I refuse to change my behaviour because of my experiences (of which these are only a selection), because I am doing absolutely nothing wrong in being a woman or drinking in a pub with friends then going home, but I am often scared and always, constantly wary.

    This whole idea that every interaction with women is becoming dangerous for a man who might unwittingly be harassing her without realising it is nothing more than an extension of the myth that women are hysterical monsters who use their sexuality to lure men in just to enjoy punishing them for daring to be interested. It's nonsense. If a guy worries he doesnt know how to interact with a woman without being accused of sexually harassing her, then it's him who has the problem.
     
  4. Jude Fawley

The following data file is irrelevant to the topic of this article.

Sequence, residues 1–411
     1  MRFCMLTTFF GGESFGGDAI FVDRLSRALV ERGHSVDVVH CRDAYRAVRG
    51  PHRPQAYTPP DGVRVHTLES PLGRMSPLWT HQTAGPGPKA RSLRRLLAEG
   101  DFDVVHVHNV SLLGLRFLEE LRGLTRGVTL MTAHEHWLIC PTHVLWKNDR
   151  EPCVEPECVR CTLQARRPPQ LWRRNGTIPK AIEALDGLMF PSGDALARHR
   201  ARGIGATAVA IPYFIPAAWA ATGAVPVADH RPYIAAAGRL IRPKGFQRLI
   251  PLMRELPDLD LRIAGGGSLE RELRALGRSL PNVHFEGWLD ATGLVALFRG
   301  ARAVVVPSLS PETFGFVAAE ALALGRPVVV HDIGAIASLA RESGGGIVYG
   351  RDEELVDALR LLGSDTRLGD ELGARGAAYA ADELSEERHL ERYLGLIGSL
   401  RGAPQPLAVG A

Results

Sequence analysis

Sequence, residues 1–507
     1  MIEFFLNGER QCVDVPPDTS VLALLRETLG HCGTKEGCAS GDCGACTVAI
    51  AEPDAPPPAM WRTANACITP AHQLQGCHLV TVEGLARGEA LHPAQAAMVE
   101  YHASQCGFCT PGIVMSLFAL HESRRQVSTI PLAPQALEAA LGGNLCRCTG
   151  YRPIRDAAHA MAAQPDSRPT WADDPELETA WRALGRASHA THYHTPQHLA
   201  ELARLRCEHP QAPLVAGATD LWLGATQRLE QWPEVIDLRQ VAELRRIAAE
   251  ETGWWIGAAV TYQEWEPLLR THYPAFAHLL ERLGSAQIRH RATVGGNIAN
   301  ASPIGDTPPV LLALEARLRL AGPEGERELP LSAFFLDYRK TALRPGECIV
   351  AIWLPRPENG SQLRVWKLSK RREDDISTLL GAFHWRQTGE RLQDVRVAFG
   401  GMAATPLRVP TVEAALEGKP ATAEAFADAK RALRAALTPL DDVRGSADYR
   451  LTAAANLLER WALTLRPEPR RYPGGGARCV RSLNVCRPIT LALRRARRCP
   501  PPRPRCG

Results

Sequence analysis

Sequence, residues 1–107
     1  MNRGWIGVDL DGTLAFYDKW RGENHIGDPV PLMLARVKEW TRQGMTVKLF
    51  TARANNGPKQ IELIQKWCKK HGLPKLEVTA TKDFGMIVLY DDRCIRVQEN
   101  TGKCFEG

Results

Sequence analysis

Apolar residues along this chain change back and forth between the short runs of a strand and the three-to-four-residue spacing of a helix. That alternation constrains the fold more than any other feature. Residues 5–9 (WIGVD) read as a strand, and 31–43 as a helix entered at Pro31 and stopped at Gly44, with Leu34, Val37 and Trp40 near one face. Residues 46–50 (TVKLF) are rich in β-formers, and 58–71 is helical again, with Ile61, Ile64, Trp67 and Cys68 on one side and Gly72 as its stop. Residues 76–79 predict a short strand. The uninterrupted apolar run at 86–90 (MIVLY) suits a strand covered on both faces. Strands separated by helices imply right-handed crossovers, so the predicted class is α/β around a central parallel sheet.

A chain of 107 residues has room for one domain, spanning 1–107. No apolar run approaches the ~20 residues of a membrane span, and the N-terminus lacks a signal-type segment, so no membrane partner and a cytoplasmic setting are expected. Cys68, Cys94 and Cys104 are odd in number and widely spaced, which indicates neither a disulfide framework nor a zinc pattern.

Jude Fawley Lead commenter

    The whole way it's being dealt with is also a fiasco. The M P who finds out he's suspended by reading it in the media while he has no idea that he's been suspended or why because he hasn't been informed by his party. Clive Lewis M P being interviewed by the press while he's supposed to be under investigation.

    And Jeremy Corbyn refusing to talk to the media while out getting cardboard cups of drinks. Has he not got a kettle in his house?
     
  5. Orkrider2

    Orkrider2 Star commenter

    Wow. Sorry. Realised reading that back I might have become a little angry about halfway through. :oops:
     
    Noja, marymoocow, InkyP and 2 others like this.
  6. Didactylos4

    Didactylos4 Star commenter

  7. Calpurnia99

    Calpurnia99 Star commenter

    I understand the myriad reasons for not reporting any sexual offence against oneself, but at the end of the day silence is basically self-protective and allows the perp to go free.